A:    Working beyond age 65 doesn’t alter your eligibility for Medicare, but it does raise some questions that you should pay attention to.  For example, it may be to your benefit to not enroll in Medicare Parts A or B.  Talk to your benefits person at your employer.  Once your health insurance coverage from your or your spouse’s active employment ends, you will have a special period to sign up for Parts A&B, without a penalty, and more importantly, you won’t have to pay the Medicare Part B premium while you have employer group insurance coverage due to your or your spouse’s active employment.  
See pages 26-31 of the 2016 Medicare and You Publication which is available for download on our resources page for more detailed information on this subject.

Q:    What do I pay when I have Medicare?


A:    Medicare premiums, deductibles and co-pays/co-insurance are set by CMS, the US Government agency that manages the Medicare program, and normally change every calendar year.  Generally speaking most people who worked for 40 quarters (10 years) do not pay premiums for Part A of Medicare, but do pay a premium for Part B of Medicare.  The 2016 standard premium for Part B is $121.80 each month, but it can be higher for Medicare beneficiaries with higher incomes.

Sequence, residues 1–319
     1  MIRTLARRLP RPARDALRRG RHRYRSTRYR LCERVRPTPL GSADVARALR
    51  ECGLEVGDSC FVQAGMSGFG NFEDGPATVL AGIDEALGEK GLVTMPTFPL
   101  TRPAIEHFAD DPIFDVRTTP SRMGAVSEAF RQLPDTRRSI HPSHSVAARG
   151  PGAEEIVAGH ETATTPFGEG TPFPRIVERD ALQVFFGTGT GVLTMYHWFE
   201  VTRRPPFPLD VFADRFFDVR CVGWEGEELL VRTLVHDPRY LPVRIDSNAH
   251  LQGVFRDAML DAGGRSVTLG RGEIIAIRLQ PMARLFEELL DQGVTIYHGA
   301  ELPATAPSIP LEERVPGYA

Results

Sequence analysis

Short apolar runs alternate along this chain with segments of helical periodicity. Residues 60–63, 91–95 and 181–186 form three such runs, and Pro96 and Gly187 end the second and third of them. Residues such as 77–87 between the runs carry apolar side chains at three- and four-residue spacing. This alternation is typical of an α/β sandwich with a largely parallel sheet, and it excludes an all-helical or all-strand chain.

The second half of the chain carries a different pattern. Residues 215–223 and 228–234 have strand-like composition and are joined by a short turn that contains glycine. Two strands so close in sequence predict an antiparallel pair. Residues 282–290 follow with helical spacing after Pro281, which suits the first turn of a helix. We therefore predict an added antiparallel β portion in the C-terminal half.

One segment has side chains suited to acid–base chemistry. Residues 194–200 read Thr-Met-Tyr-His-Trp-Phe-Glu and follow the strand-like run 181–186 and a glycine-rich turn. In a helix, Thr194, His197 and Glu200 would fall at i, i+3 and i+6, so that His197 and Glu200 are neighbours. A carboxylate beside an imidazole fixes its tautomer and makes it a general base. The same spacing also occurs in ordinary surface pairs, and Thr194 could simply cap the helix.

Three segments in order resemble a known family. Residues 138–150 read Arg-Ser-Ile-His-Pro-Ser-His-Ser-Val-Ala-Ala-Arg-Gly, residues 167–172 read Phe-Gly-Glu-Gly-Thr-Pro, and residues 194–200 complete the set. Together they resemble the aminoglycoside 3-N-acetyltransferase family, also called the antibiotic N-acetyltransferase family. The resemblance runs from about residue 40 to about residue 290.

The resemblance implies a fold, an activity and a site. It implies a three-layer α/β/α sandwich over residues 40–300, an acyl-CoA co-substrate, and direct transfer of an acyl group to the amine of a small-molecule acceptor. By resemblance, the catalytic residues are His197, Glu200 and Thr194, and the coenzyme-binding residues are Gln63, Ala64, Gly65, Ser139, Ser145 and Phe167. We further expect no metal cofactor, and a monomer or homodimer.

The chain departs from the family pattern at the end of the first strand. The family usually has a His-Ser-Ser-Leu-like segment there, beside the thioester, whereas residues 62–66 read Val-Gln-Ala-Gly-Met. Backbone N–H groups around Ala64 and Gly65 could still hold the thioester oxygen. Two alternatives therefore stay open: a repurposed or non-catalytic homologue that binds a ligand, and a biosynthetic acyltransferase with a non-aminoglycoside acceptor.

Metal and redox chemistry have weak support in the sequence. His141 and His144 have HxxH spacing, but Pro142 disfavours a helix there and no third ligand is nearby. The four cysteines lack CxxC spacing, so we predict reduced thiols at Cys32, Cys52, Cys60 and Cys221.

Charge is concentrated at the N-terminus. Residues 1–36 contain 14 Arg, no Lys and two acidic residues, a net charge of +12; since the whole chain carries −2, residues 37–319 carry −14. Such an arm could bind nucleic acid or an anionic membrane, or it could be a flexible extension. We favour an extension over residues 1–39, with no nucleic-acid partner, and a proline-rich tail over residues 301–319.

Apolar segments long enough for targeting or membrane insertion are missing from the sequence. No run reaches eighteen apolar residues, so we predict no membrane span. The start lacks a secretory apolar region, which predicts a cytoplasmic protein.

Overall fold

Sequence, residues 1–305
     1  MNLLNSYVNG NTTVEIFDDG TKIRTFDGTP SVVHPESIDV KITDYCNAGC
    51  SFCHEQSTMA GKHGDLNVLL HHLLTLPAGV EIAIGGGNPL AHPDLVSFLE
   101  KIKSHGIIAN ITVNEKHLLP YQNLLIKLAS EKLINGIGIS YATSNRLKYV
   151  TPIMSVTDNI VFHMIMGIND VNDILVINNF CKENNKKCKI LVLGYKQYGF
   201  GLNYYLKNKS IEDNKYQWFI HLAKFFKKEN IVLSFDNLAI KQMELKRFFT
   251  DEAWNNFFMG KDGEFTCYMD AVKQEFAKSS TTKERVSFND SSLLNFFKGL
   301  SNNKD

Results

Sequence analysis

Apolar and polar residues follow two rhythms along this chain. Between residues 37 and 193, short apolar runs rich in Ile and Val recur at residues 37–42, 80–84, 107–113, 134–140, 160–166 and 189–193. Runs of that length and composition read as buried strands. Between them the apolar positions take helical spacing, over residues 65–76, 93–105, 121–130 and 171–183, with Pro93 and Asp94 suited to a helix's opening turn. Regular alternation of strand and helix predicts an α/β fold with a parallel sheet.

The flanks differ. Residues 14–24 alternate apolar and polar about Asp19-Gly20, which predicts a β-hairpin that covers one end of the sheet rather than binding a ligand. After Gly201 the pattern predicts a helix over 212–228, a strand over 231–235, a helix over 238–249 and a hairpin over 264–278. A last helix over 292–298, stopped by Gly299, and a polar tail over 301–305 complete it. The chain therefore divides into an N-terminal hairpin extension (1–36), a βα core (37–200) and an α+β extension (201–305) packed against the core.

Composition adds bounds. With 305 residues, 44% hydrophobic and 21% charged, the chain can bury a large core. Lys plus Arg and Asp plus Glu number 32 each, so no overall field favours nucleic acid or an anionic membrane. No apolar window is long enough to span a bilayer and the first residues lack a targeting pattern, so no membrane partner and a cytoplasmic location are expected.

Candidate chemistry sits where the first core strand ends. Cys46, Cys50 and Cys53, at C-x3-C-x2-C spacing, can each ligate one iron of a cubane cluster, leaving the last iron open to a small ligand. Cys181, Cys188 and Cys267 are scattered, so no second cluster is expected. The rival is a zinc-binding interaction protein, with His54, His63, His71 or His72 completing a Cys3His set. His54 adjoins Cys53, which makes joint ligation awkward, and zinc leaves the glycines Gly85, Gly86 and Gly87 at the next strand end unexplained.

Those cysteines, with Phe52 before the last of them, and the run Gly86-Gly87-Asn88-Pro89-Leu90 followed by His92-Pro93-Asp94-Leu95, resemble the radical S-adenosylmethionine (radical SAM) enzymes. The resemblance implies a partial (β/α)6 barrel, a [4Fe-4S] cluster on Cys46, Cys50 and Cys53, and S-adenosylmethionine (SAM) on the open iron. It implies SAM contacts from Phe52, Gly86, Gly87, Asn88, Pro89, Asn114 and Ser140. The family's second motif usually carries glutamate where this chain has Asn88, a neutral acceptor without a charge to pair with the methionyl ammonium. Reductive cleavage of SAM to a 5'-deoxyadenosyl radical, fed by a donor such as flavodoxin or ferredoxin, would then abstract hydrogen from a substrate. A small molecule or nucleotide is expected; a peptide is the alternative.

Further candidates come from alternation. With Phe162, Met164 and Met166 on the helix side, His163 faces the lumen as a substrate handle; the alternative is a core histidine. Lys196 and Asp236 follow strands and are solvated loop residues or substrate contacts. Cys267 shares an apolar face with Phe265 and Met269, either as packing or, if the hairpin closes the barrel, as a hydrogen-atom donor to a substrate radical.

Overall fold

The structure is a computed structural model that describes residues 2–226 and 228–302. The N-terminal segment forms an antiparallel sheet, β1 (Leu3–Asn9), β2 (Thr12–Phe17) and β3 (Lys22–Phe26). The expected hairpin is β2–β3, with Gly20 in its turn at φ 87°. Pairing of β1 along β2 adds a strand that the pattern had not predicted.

See the current 2016 Medicare premiums, deductible and co-pays in a file we have available for download on our resources page.

Q:    What is the difference between Medicare and Medicaid?


A:    Medicare is for people age 65 or older or some people with certain disabilities, regardless of income.  Medicaid is generally for people of any age, but is based more upon low income.  A person can have both Medicare and Medicaid.  These people are commonly referred to as “Dual Eligibles”.

Q:    Does Medicare cover Dental and Vision services?


A:    No, most Dental and Routine vision care is not covered by Medicare.  Medicare will cover eye exams related to a disease or condition of the eye such as cataracts, glaucoma, macular degeneration, etc..  


See page 71 of the 2016 Medicare and You Publication which is available for download on our resources page for more detailed information on services Medicare does not cover.

Q:    What’s the difference between Medicare Supplement Insurance and Medicare Advantage Plans?